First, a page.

She said the study also failed to consider the reduction in the burden of male diseases if boys were vaccinated. "This is an important public health estimate, and one that is meaningful for making public policy and clinical recommendations," she said.
Dr. Erich M. Sturgis, an associate professor of head and neck surgery at the University of Texas M. D. Anderson Cancer Center in Houston, thinks Kim's group has underestimated the number of head and neck cancers attributable to HPV infection.
"We see these patients suffering every day with the treatment, and patients dying of this disease," Sturgis said. "I think the proportion of oropharyngeal cancers that are attributable to HPV is a clear underestimate in the study."
The Harvard team attributes about 30 percent of these cancers to HPV, but the latest data shows it's really 60 percent to 70 percent, he said. "If it's cost effective to vaccinate girls against cervical cancer in the United States, I think it would be cost-effective to vaccinate boys to prevent oropharyngeal, pineal and anal cancer," he said.
Merck & Co., maker of Gardasil, has petitioned the FDA to approve the vaccine for boys to prevent genital warts. Jennifer Allen, a Merck spokeswoman, said the company's data is at odds with the study numbers.
"The Merck health economic analysis shows that vaccinating males with Gardasil is cost effective at a per quality-adjusted life year of less than $25,000," Allen said. "Our model is based on data from our clinical trials, as well as data we gathered after the approval of Gardasil," she said.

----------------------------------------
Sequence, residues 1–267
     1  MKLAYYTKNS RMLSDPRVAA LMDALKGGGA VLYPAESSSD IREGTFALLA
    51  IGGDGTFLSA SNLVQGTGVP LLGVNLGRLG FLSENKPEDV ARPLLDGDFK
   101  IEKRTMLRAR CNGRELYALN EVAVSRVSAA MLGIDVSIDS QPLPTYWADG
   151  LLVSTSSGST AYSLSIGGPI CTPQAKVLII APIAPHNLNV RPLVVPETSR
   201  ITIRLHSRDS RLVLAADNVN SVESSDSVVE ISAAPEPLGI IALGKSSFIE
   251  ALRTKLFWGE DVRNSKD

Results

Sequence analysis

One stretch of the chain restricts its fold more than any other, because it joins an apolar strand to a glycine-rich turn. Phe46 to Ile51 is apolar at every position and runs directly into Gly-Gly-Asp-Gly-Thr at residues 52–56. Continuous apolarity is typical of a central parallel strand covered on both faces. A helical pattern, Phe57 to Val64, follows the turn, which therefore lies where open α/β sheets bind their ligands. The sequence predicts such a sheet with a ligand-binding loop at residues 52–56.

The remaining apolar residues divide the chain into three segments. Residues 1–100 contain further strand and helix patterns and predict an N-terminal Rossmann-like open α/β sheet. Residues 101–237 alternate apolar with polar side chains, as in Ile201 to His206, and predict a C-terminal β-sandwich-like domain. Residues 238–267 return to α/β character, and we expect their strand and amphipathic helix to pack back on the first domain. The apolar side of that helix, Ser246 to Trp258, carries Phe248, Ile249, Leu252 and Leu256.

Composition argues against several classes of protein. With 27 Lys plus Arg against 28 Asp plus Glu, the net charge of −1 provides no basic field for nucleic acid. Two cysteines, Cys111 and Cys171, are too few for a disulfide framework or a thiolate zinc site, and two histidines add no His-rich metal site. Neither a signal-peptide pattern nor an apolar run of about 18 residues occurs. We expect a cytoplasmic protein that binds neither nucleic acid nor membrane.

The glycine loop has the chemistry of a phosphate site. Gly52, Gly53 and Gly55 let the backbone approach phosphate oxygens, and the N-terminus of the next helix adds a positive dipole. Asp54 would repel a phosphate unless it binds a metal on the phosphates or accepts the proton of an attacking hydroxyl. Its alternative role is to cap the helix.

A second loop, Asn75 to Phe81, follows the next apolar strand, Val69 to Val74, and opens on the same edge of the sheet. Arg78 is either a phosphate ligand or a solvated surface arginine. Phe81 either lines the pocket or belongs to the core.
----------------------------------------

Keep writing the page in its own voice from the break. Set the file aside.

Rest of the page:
Gardasil, approved for girls in 2006, covers four types of HPV, two of which cause about 70 percent of cervical cancers worldwide.
Since Gardasil's approval, studies have found it safe and nearly 100 percent effective in preventing precancerous cervical lesions from the four HPV strains targeted by the vaccine.
Studies have also found that Gardasil far more effective when given to girls or young women before they become sexually active.
For more information on HPV vaccine, visit the U.S. Centers for Disease Control and Prevention.
SOURCES: Jane Kim, Ph.D., assistant professor, health decision science, Harvard School of Public Health, Boston; Philip E. Castle, Ph.D., M.P.H., investigator, division of cancer epidemiology and genetics, U.S. National Cancer Institute, Bethesda, Md.; Anna R. Giuliano, Ph.D., chair, department of cancer epidemiology and genetics, H. Lee Moffitt Cancer Center and Research Institute, Tampa, Fla.; Erich M. Sturgis, M.D., associate professor, head and neck surgery, University of Texas M. D. Anderson Cancer Center, Houston; Jennifer Allen, spokeswomam, Merck & Co., Whitehorse Station, N.J.; Debbie Saslow, Ph.D., director, breast and gynecologic cancer, American Cancer Society; Oct. 9, 2009, British Medical Journal online